The basic components to a healthy lifestyle are good sleep, proper nutrition, movement and minimizing stress. So let's talk about sleep for just a bit.
Sleep is one of my favorite things, and currently one thing just out of my grasp. As a mama, especially with little little ones, sleep is an elusive friend, with midnight feedings or teething babes interrupting our rest. And while those things will slowly change, we need to remember that sleep is absolutely vital to our health and well-being. Just one night of interrupted or low quality sleep raises your cortisol (stress hormone) levels and can leave you as insulin resistant as a type II diabetic. No wonder the majority of new moms are suffering from adrenal fatigue.
If you don't fall asleep within five minutes of hitting the pillow or if you fall asleep but don't stay asleep, it's time to rethink your sleep habits. This isn't something to take lightly. Lack of sleep increases cortisol (stress hormone) and serotonin levels and decreases dopamine (feel good hormone) and testosterone levels. And none of those things are good. One study found that the majority of today's middle and high school children get an average of 6 hours of sleep per night and that those individuals perform worse on tests, projects and critical thinking tasks than children who sleep 8-10 hours per night. I don't know about you, but I want my son to be in the second group.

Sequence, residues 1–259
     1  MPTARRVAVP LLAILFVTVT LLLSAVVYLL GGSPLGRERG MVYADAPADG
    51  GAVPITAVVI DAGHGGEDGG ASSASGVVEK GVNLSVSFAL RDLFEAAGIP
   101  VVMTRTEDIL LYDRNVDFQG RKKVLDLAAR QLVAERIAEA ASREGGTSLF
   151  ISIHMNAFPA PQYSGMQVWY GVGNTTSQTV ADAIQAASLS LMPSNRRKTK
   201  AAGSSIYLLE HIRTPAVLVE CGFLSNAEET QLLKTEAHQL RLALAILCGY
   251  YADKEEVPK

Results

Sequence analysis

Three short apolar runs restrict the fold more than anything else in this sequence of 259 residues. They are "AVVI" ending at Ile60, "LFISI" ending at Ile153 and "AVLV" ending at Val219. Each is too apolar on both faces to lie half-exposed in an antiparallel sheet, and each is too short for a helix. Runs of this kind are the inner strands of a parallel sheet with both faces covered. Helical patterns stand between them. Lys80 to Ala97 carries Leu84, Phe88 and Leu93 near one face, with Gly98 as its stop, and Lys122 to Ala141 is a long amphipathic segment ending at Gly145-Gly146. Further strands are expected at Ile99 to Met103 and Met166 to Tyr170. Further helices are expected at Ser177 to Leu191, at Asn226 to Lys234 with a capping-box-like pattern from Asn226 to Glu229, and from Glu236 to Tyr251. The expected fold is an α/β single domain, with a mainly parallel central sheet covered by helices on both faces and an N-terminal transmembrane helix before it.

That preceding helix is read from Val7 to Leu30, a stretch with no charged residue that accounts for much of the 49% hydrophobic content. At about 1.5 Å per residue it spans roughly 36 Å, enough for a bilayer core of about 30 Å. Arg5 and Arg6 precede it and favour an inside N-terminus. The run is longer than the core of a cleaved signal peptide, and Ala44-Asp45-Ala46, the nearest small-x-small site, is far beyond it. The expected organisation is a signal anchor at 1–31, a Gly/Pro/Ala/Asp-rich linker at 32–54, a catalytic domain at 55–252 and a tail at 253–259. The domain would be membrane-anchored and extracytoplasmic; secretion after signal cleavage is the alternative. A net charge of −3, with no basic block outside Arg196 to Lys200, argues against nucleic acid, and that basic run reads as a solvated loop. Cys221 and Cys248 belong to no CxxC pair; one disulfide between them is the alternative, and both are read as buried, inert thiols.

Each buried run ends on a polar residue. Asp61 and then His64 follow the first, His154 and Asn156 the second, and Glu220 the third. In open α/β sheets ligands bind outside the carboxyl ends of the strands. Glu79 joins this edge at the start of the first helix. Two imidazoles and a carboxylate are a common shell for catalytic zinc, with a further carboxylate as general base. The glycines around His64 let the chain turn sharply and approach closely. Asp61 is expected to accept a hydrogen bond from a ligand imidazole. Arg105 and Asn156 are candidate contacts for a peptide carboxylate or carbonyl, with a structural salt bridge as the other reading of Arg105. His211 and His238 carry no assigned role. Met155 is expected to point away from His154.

So what can we do about it? The solutions are actually relatively simple and probably won't cost you a dime:
+ Turn off all electronic devices at least one hour before bed (preferably long before that). The glow from a computer screen or smart phone actually decreases the amount of melatonin (sleep hormone) that your body makes.
+ No caffeine after noon. That afternoon pick me up is still hanging around in your bloodstream at bedtime, causing your body to make less melatonin and making it difficult for you to get the rest you need. Try some hot tea or just warm water with lemon and orange essential oil to provide you an energy boost.
+ Sleep in a cool, dark room with no nightlights or glowing LED power buttons. We go so far as to place our phones in the 'do not disturb' mode and leave them face down on the nightstand. We also turn our alarm clock to face the wall.
+ Make sure your bed is comfortable. Lie flat on your back with your arms to your sides and your head on the pillow. If you can't stay in that position comfortably, you may need a different mattress. We found that we needed a softer mattress than we originally thought, and that has made all the difference.
+ Dim the lights in your living room at the end of the day to tell your brain that the time for sleep is near.
+ Spend 10-15 minutes before bed reading a book or magazine (not from your phone or computer), writing in a journal, or meditating to give your brain a chance to turn off.
If all of this seems overwhelming, choose one thing and start there. After a week, add another new practice to your routine. Start small and work your way up. Or if you are like me, change all those things at once and start sleeping like a baby.